I hope you got your pelt cloaks washed. You want to look your pagan best for the dropping of a new Wolves in the Throne Room album.
Yep, with the dissolution of Agalloch, it feels like the Wolves are the band to carry the mantle for the Pacific Northwest vein of black metal. These guys bring a bit more mysticism and embracing of nature than some of their Norwegian brethren. This latest release feels a bit like a centering album for the band and an almost stripped down rendering of their sound. It feels like this album brings an equal level of brutal and ambiance in presenting their embrace of the primitive. Although it doesn’t possess the ambition of some their earliest work, this is still a very solid selection of songs.
I’d say this album is a left turn for this band, but it kind of feels like this album is Deafheaven finally embracing who they actually are as a band. Infinite Granite sees the band finally becoming the post-rock shoegaze band that was always inside of them. The black metal sound is nowhere to be found on this album (well, maybe just a couple of nods here and there at the end of a couple of songs). The crunchy guitars have been completely replace with a clean sound. George Clarke’s distorted shrieks have been replaced by soft croons and whispers. The vocals are probably the most jarring aspect of this new direction.
As different as this album sounds on the surface, to me it’s not all that unexpected of a departure for the band. Like I said at the outset, I think Deafheaven has always been this band. That’s why they courted such controversy when they put out Sunbather with it’s glorious pink album cover. Purist could see the emo-esque shoegaze band lurking under the style of black metal these guys were peddling. Look, the Mayhem and tr00 black metal fans are going to be tsk-tsking and gloating about “I told you so” regarding this album. And, those guys were kind of right. But, honestly, the Mayhem fans were never listening to Deafheaven anyway. So, who gives a shit about them, right?
So, that being said, I don’t see this as a sell-out album. It just kind of feels like these guys were following the creative forces inside of them and this is where it led them. I have to say that I don’t really like this new direction as much as their past efforts. The dichotomy between the black metal foundation with shoegaze flourishes are kind of what made them a unique and dynamic band. By stripping away the harshness, there is just this sort of hippie fluff that is left. It’s not bad. It’s just not necessarily my cup of tea. There are a couple of decent songs and melodies on here, but it just doesn’t have that special something to make this a memorable experience overall.
High marks for the bravery in going this direction. But, not my favorite album by the band.
Everything on this album is a bit of a mystery. From the name of the band (no clue as to what it means or how to pronounce it correctly) to the fact that the entire album is sung in German, it’s all a bit of guesswork as to exactly what is going on here. But, here’s the weird thing. Even with all the obstacles, I have found this to be one of the more engaging releases I’ve come across of late.
I say it every year. There’s always some black metal band that I’ve never heard of that ends up putting out an album that knocks me for a loop. It seems that Agrypnie is that band for 2021. This feels like a journey album. See that dirty looking dude on the album cover. I think this album revolves around his journey into either some sort of pagan-inspired enlightenment or his actual physical manifestation into a pagan god or creature of the woods. I’m taking a lot of this from the album booklet and accompanying artwork that shows this dude having visions of a human-like creature with antlers and then follows him into a woodland journey through much turmoil and searching which culminates in him changing into the very creature of his vision. Hence, the Metamorphosis! Like I said, for not speaking a lick of German, I got an awful lot from this album. Even though I don’t know for certain my theory of what this album is about is correct, the emotion conveyed through the vocals and music are so engaging that I was just sucked into it from the get go.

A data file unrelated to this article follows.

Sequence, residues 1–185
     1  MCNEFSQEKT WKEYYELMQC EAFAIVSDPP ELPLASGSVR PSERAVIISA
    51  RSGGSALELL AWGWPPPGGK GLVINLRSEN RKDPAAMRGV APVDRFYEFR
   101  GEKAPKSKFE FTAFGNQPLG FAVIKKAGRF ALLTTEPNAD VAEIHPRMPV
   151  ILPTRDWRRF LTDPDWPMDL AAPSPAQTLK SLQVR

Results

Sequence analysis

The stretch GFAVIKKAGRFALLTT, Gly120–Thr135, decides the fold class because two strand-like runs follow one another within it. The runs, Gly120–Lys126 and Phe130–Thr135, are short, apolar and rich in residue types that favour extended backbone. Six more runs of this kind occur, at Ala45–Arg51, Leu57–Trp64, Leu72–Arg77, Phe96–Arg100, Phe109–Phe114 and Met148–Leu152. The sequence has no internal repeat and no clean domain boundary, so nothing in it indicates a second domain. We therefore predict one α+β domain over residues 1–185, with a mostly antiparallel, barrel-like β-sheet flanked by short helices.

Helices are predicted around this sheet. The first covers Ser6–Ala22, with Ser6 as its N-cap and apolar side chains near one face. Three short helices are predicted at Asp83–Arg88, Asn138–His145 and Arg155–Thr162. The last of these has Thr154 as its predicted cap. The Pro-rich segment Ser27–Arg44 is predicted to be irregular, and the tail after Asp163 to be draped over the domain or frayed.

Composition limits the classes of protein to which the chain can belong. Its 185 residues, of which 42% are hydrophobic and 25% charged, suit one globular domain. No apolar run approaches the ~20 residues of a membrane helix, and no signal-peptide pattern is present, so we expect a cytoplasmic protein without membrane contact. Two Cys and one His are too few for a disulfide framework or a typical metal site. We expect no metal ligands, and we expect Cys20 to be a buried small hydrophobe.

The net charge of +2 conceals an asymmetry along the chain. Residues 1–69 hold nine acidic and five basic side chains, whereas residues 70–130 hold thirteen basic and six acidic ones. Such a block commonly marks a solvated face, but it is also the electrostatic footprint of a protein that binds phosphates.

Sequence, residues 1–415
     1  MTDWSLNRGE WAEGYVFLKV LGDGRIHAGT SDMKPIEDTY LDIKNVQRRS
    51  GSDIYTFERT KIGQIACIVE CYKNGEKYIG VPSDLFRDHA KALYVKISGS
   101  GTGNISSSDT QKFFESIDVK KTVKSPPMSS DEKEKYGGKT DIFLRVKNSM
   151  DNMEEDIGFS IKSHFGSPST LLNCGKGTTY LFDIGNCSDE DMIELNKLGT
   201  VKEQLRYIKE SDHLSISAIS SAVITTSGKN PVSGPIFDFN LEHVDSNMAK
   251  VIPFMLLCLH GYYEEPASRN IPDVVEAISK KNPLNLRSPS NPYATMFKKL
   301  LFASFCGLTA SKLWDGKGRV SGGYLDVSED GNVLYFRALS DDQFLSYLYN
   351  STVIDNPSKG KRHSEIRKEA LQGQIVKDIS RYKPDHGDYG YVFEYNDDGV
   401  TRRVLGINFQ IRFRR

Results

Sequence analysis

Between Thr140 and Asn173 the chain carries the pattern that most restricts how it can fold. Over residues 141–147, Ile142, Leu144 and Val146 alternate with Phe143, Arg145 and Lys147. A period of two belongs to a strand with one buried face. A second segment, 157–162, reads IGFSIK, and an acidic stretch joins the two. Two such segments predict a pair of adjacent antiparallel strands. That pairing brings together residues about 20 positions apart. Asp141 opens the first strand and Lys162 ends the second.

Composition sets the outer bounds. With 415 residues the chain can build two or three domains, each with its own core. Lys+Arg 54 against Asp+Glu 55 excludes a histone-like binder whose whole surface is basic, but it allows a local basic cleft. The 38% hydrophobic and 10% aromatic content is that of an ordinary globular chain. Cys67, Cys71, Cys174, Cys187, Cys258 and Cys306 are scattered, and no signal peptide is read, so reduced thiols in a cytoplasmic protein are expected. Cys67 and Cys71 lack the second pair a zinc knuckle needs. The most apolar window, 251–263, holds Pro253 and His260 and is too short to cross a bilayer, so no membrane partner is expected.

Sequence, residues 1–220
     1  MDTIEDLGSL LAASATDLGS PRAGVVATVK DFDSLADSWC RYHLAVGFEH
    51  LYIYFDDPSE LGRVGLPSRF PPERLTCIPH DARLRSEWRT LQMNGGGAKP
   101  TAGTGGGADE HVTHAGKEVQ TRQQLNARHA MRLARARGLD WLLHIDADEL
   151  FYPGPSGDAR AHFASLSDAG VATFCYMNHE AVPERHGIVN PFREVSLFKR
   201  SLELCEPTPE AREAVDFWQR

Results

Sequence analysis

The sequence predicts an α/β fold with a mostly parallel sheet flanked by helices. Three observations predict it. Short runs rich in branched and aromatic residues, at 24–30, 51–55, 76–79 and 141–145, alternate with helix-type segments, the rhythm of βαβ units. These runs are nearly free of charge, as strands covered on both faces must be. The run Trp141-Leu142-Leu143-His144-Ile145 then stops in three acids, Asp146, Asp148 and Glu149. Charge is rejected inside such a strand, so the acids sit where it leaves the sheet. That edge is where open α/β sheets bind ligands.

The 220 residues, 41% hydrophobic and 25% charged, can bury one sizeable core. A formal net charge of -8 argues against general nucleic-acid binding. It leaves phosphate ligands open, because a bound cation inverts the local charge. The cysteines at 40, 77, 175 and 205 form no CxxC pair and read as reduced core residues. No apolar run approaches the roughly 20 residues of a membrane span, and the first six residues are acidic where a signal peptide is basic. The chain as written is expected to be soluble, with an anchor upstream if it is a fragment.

This is a good one. Give a listen and see if it doesn’t speak to you in some weird pagan vibes as well.
And we lose another one. This one as a direct hit from the covid pandemic. Wagner was the longtime vocalist for doom pioneer band Trouble and subsequent band, The Skull, which more or less felt like a continuation of his work in Trouble. Dude was probably as well-known for his Catholic beliefs and spiritually inspired lyrics as he was for his tortured sounding wail. His voice was instrumental to the Trouble sound and there weren’t really any comparable singers from that time that captured the anguish that he brought to the mic. As Wagner aged, his vocal style became less reliant on the high register he was known for the 80s and he seemed to fall into a more relaxed and natural delivery. In many respects, his embrace of this style in his older years reminds me a lot of how Robert Plant has aged (hell, they even look a lot alike in their old age). It was as if he simply embraced the ravages of age and the style of vocals he brought to The Skull just worked. Wagner was a unique voice and another that will be missed. I’ll admit that I was a bit late to the Trouble bandwagon and never got to see them play live, but I did get to see Wagner with The Skull before the pandemic shut everything down. I had planned on seeing them at what would have been one of his last shows when they played in Austin back on Aug. 8. I ended up passing due to the covid Delta surge and the fact that the show was taking place in a very small club. Now, I kind of wish I had just risked it to see him play one last time. But, hell, who knows…he may have contracted the infection at the Austin show. Just sad at any rate.